After more than 30 years serving as a mainstay of Randolph School in a variety of positions and always as an exemplar of its values, Evie Wilson is retiring at the end of the 2017-18 school year. Her contributions to the School are impossible to calculate. A reception in her honor is being held on Sunday, May 6, at 2:00 in the Upper School Library, with a special presentation at 2:30.
Her initial connection to Randolph was as a parent. As she enrolled her daughter, Sarah, in Kindergarten in 1985, she immediately started doing “what great independent school parents do,” she says. “I started volunteering.” After a year, the then Head of Upper School Rick Keyser asked her to join his office staff as his secretary. “There was no better introduction to working with children than in supporting Rick,” she says. “He was an example of selfless service.” She remained in administrative support roles for the Upper School, the Athletic Director, the Dean of Students, in the College Counseling Office, and as Registrar at various points for the next 14 years.
In 2001, she caught the attention of then Head of School Eddie Krenson, who asked if she would consider supporting wider school efforts. “Eddie was a strong, caring leader,” she says, “who appreciated the potential in every person and encouraged us all to look for that ‘masterpiece within.’ I was privileged to serve as his assistant and to support the work of our board of trustees.”
“I started volunteering.”
In 2007, she impressed yet another newly-arrived head of school, Byron Hulsey, while she served as his administrative assistant. She says that Hulsey “began guiding Randolph to a new level of responsibility to the children under our care and to the wider community. With an increased emphasis placed on recruitment, I was asked to move across the hall and join the Admissions Office.” She has worked in that office for the past nine years, currently serving as Admissions Process Manager, with all of the managing of data files and paperwork that entails.
“Evie is very often the first person our prospective families meet, either on the phone or in person,” says Director of Admissions Glynn Below. “Her sincerely caring concern for the students and families who come through our office is so clear and inspiring. She has contributed to the School for nearly half of its existence, and therefore is in a nearly unique position to share the Randolph story with them. To many, she is a veritable symbol of the values we hold dear.” Director of Institutional Advancement Adam Bernick adds: “Evie cares for data like a banker cares for money.”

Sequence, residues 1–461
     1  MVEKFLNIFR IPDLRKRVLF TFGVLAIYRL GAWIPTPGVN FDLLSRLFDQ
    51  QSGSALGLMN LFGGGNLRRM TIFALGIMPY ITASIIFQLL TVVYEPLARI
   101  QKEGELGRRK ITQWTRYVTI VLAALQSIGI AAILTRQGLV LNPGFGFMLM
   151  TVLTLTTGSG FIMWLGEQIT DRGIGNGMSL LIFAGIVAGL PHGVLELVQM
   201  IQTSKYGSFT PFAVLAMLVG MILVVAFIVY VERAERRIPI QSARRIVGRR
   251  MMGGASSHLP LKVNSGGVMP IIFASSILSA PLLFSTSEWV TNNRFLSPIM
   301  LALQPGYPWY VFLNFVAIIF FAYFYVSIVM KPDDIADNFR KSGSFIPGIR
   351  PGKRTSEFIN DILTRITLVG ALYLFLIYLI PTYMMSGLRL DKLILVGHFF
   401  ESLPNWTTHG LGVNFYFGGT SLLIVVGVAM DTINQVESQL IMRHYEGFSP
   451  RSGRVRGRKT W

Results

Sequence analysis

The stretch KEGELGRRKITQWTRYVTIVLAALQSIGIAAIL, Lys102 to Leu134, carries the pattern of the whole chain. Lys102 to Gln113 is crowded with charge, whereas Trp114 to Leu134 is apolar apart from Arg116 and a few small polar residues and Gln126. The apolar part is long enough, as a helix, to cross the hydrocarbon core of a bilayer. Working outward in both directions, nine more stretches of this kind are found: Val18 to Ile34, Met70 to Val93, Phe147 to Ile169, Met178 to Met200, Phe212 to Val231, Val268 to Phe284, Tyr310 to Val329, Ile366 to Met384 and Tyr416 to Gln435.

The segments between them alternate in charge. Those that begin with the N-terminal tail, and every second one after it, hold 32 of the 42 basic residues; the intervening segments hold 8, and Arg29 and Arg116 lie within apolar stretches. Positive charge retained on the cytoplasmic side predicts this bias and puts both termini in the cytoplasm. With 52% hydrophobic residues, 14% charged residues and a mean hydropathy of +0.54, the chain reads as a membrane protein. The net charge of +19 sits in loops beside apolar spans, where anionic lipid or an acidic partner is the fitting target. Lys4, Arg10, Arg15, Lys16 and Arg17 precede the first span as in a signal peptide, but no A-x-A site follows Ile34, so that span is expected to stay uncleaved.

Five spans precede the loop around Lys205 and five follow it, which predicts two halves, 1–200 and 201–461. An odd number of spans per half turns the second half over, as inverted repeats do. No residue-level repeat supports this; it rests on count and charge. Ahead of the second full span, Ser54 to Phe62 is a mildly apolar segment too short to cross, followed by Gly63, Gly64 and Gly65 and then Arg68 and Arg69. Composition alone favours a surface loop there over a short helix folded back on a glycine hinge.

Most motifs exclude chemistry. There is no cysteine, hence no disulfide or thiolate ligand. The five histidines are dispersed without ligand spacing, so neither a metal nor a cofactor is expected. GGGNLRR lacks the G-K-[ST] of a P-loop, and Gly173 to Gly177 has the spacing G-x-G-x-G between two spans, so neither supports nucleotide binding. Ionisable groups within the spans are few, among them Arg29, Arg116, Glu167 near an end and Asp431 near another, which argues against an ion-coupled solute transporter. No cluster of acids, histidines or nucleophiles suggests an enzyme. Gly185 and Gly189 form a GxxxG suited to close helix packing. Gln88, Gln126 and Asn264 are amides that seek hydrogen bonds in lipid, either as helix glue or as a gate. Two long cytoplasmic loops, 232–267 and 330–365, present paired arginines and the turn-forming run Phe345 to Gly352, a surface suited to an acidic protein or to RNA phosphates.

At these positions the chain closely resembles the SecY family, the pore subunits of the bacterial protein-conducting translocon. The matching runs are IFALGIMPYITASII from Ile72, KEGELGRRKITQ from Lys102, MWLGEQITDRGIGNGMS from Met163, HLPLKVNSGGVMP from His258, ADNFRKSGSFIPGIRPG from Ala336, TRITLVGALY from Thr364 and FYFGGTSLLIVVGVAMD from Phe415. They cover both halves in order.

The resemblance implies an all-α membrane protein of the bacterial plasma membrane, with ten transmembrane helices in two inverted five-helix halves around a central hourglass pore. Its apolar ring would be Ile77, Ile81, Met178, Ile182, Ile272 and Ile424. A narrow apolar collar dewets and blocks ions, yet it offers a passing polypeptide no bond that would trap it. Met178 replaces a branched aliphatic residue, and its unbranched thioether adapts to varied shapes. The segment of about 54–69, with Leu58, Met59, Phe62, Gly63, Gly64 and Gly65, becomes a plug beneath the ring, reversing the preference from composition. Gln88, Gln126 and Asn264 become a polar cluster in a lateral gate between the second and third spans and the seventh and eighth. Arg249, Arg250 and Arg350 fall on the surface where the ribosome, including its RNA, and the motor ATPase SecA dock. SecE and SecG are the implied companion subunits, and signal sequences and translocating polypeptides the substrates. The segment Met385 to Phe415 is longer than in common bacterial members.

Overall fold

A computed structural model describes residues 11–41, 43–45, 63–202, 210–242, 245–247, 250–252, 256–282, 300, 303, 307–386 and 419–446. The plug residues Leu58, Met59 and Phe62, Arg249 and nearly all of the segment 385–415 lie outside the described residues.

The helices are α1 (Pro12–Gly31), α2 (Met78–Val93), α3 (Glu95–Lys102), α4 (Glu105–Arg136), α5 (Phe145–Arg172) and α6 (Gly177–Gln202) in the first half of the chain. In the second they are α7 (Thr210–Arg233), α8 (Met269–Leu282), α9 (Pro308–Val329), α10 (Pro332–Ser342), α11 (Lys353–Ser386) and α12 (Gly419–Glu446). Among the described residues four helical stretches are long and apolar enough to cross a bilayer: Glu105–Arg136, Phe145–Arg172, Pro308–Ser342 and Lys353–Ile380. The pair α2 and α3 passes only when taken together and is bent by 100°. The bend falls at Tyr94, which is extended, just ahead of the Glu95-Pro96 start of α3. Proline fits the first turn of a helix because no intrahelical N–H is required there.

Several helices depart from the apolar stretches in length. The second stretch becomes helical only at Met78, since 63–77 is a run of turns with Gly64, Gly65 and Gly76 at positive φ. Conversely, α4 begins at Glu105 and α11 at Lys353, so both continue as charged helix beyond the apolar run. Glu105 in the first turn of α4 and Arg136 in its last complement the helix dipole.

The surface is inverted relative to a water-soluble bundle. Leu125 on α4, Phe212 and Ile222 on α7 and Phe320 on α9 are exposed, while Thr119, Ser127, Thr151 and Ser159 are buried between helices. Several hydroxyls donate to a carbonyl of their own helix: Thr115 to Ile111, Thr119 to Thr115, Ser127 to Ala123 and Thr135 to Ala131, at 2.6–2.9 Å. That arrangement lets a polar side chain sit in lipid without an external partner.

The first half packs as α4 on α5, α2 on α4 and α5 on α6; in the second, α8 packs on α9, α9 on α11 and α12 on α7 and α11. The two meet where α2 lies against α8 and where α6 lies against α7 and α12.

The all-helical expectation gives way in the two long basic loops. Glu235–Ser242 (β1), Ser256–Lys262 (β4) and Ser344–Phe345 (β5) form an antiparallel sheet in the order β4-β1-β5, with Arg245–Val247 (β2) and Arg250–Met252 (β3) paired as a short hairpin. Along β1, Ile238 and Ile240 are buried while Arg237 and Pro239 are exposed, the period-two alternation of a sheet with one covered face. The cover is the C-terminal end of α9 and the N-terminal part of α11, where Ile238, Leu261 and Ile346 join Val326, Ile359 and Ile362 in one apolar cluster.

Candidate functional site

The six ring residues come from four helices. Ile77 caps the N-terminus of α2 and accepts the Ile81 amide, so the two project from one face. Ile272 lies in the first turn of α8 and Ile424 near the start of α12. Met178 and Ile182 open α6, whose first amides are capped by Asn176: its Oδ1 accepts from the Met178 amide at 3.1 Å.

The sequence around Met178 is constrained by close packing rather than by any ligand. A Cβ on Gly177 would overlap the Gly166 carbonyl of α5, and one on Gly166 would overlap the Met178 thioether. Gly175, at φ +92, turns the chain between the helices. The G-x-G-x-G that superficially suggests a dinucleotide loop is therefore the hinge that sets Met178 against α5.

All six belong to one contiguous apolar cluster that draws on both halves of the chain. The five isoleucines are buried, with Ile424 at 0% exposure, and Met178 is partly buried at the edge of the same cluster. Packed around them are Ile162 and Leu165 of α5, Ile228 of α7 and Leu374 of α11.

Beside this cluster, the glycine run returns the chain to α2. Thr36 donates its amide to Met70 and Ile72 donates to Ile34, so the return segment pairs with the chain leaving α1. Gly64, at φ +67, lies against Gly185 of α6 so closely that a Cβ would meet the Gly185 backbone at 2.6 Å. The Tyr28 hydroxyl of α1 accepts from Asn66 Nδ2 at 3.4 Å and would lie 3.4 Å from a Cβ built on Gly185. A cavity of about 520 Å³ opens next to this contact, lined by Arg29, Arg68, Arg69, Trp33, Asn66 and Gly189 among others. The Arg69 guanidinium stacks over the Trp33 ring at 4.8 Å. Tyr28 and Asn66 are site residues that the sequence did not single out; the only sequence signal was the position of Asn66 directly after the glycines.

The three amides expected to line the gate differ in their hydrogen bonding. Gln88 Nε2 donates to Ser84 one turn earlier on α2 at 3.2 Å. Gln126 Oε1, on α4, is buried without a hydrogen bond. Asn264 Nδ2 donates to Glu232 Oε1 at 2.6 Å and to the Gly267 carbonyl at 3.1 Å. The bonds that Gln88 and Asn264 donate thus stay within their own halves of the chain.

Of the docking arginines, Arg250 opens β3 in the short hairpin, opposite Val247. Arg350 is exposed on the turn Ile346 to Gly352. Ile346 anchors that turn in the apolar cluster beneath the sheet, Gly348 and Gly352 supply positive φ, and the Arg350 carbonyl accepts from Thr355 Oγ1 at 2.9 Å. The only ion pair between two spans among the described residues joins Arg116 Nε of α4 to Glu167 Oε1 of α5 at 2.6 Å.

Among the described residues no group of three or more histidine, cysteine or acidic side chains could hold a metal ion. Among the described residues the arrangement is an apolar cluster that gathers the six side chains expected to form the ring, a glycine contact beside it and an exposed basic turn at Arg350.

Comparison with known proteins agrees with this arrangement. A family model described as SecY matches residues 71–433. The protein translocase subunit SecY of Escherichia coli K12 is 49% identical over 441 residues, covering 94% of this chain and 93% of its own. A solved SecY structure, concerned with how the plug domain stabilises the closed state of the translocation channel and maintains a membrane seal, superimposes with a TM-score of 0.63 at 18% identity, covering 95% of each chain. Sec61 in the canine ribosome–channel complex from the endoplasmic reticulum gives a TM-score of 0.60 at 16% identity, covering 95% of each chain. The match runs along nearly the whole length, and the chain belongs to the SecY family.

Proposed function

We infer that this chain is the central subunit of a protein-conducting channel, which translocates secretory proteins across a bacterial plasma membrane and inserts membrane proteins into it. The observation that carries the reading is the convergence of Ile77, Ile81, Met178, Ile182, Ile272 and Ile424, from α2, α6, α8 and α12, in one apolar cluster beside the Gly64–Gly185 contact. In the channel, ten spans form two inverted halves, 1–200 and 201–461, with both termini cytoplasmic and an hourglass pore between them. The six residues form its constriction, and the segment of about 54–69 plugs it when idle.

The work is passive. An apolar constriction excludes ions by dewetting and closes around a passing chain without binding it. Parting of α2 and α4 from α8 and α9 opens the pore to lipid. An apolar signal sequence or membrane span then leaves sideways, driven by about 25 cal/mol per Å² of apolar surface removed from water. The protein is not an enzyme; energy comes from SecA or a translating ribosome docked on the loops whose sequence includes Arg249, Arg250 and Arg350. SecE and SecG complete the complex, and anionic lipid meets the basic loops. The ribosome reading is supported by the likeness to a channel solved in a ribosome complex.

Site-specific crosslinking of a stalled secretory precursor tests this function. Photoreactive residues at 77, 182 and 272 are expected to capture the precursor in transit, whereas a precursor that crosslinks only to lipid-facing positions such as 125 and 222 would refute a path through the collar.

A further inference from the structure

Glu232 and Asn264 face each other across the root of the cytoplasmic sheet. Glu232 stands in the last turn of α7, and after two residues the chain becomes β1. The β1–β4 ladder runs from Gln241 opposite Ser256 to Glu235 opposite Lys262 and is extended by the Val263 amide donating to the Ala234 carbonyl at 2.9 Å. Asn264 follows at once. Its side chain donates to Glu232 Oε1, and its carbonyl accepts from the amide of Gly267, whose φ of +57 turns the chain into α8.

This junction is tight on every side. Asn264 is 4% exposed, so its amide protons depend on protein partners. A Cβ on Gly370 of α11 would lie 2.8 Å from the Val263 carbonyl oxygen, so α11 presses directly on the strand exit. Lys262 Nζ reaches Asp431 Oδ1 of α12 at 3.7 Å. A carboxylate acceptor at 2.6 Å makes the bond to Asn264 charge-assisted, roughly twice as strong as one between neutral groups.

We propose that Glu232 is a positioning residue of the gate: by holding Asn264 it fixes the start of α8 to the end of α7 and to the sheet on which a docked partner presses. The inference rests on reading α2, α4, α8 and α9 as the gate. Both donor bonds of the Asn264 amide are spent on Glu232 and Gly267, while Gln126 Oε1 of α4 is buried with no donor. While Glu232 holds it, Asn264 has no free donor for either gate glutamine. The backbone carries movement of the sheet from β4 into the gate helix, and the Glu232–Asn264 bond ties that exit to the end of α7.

“Evie cares for data like a banker cares for money.”
Last year, before Evie made her decision to retire, Bernick, unbeknownst to her, nominated her for the Support Staff Distinguished Service Award, one of the annual Independent School Awards given by the Council for Advancement and Support of Education (CASE), recognizing “a support staff member for providing long-term service to a school’s advancement team.” Evie won it, and addressed the CASE-NAIS convention this past January in California, after a video documenting her extraordinary career at Randolph was shown.
“It’s hard to comprehend,” she told the audience, “how a decision I made so many years ago about where my children should attend school would continue to have such a profound and long-lasting impact on my life. I had just been looking for the best education for them, but along the way, I absolutely found so much more. We all love children and want to help them reach their potential. For those of us in advancement, our goal is to provide the best possible experience for students and their families, from their first step on campus to the lifelong relationships with our school.
“I think it’s the best place to make a difference in the lives of children.”
“Every position I have held at Randolph has been challenging and rewarding, fast-paced and educational, but I’ve enjoyed my work in admissions the most, because I work with families seeking the special experience of an independent school education, just as I did three decades ago. If I were to work another 30 years, I would still choose to work in education. I think it’s the best place to make a difference in the lives of children.”
You often hear it said that no one is irreplaceable, but many members of the Randolph community, past and present, would say that Evie Wilson is a sterling exception to that rule. We are deeply grateful for all that she has done to make the School what it is today.